OVERNIGHT TECH: Committee to look at Microsoft competition allegations

The Lede: Senate Judiciary Committee staffers plan to take a look at allegations that Microsoft has made it difficult for competing Web browsers to run on a certain version of Windows, an aide to Antitrust subcommittee Chairman Herb Kohl (D-Wis.) told The Hill Thursday.

The Mozilla Foundation, which makes the Firefox browser, and Google have accused Microsoft of hindering their browsers' ability to run on Windows devices with ARM processors, which are popular in mobile phones. They say that only Microsoft's Explorer browser is able to run on the devices.

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In a case of deja vu, the Mozilla Foundation is the heir of sorts to Netscape, whose Navigator browser frightened Microsoft into kicking off the browser wars of the 1990s, in which Microsoft was victorious as a result of what many called anticompetitive behavior.

Microsoft's conduct became the impetus behind the Justice Department's antitrust suit that almost caused the company to be broken up before the Bush administration settled with the company shortly after former President George W. Bush took office.

What was left of Netscape released the source code of its Navigator browser to live on as the open-source Mozilla project, which retook much of the browser market that Microsoft had gained control of.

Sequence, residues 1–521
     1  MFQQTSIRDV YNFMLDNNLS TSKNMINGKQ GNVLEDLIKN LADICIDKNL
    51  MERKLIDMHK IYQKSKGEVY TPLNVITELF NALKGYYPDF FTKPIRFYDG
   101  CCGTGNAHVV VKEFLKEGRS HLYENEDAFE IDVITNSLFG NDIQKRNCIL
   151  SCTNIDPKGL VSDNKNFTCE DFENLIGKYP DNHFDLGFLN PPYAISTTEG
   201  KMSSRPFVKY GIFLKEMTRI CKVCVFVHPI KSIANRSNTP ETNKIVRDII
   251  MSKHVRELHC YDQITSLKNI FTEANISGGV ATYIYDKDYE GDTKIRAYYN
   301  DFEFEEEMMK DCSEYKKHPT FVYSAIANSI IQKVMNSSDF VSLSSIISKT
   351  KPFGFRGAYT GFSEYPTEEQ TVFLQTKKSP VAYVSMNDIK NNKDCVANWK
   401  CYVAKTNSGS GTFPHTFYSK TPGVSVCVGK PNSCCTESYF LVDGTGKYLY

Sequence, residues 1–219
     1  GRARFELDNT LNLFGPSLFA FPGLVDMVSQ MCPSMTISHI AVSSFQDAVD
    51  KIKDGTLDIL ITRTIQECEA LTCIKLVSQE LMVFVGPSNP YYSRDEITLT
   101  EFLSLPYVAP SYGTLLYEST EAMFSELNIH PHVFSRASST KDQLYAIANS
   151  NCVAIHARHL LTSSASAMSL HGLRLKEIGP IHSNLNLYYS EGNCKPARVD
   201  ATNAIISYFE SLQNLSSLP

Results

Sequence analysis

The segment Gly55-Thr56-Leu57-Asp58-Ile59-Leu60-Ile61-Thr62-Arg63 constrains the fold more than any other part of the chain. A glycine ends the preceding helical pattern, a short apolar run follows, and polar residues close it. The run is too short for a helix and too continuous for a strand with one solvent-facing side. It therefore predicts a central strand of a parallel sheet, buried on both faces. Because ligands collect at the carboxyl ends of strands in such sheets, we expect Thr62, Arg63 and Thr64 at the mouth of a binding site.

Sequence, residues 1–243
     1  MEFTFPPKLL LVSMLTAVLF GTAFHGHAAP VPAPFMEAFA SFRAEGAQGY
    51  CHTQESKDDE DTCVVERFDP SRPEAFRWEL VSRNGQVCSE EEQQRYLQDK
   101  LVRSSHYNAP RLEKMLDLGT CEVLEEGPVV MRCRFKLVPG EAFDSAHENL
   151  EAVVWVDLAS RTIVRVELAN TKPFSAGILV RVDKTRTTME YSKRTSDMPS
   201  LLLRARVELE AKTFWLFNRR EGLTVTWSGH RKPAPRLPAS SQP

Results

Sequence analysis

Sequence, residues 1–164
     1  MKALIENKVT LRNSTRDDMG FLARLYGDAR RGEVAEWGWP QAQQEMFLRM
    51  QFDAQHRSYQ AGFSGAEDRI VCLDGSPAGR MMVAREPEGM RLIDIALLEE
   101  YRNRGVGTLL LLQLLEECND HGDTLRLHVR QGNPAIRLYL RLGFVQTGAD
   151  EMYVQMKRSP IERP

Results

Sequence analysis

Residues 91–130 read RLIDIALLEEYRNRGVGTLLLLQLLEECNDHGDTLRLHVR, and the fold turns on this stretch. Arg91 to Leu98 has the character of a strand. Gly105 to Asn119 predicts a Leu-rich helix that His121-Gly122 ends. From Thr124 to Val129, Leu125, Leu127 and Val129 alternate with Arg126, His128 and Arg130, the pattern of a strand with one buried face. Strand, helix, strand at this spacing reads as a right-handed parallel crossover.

Conservative scholar calls for critical infrastructure protections: Jack Goldsmith, a conservative professor at Harvard Law School, argued that the government should set mandatory security standards for critical infrastructure in a post on Thursday at Lawfare, a blog that covers legal and national security issues.

"There is no reason to think that the firms who own [critical infrastructure] will invest in the amount and types of CI cyber-defense that will adequately protect the nation," he wrote. "This is a classic case for government regulation — indeed, it is the classic case for government supply of the public good we call national defense, since there is every reason to think that the private sector, following its private interests, will undersupply national defense in this context."

The White House and Senate Democrats argue the mandatory standards will help to protect critical systems from a catastrophic attack. But Republicans say the standards are unnecessary and would burden businesses.

IN CASE YOU MISSED IT:

Civi-liberties groups came out against the Lieberman-Collins cybersecurity bill

The FTC is investigating Facebook's purchase of Instagram

GOP lawmakers called for the defunding of public broadcasting

Sen. Al Franken pressed the Justice Department to explain its phone-tracking practices

Verizon shareholders voted down a net-neutrality proposal

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